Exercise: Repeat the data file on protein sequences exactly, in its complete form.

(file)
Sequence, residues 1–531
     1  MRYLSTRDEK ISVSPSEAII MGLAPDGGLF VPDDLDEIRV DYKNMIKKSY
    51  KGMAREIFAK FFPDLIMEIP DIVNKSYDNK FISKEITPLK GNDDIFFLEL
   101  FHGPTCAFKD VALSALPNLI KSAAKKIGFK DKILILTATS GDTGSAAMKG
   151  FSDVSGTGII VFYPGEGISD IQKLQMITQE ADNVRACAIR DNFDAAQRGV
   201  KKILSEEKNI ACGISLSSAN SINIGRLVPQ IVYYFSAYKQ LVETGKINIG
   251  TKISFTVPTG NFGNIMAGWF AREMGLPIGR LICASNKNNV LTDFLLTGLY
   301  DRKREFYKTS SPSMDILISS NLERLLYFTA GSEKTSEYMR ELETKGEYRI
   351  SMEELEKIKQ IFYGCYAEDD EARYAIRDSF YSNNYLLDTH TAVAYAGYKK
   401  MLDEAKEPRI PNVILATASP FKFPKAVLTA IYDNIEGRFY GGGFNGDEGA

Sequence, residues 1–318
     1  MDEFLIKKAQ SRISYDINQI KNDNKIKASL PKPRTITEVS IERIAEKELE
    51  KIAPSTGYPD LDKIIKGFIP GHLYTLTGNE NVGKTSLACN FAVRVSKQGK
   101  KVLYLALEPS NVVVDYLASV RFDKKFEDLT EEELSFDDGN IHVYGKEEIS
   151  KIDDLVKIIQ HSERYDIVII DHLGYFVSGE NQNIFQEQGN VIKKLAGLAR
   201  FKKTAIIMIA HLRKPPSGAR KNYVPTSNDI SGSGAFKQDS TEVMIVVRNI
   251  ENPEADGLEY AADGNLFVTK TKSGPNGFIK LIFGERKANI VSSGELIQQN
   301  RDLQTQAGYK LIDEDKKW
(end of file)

Sequence, residues 1–531
     1  MRYLSTRDEK ISVSPSEAII MGLAPDGGLF VPDDLDEIRV DYKNMIKKSY
    51  KGMAREIFAK FFPDLIMEIP DIVNKSYDNK FISKEITPLK GNDDIFFLEL
   101  FHGPTCAFKD VALSALPNLI KSAAKKIGFK DKILILTATS GDTGSAAMKG
   151  FSDVSGTGII VFYPGEGISD IQKLQMITQE ADNVRACAIR DNFDAAQRGV
   201  KKILSEEKNI ACGISLSSAN SINIGRLVPQ IVYYFSAYKQ LVETGKINIG
   251  TKISFTVPTG NFGNIMAGWF AREMGLPIGR LICASNKNNV LTDFLLTGLY
   301  DRKREFYKTS SPSMDILISS NLERLLYFTA GSEKTSEYMR ELETKGEYRI
   351  SMEELEKIKQ IFYGCYAEDD EARYAIRDSF YSNNYLLDTH TAVAYAGYKK
   401  MLDEAKEPRI PNVILATASP FKFPKAVLTA IYDNIEGRFY GGGFNGDEGA

Sequence, residues 1–318
     1  MDEFLIKKAQ SRISYDINQI KNDNKIKASL PKPRTITEVS IERIAEKELE
    51  KIAPSTGYPD LDKIIKGFIP GHLYTLTGNE NVGKTSLACN FAVRVSKQGK
   101  KVLYLALEPS NVVVDYLASV RFDKKFEDLT EEELSFDDGN IHVYGKEEIS
   151  KIDDLVKIIQ HSERYDIVII DHLGYFVSGE NQNIFQEQGN VIKKLAGLAR
   201  FKKTAIIMIA HLRKPPSGAR KNYVPTSNDI SGSGAFKQDS TEVMIVVRNI
   251  ENPEADGLEY AADGNLFVTK TKSGPNGFIK LIFGERKANI VSSGELIQQN
   301  RDLQTQAGYK LIDEDKKW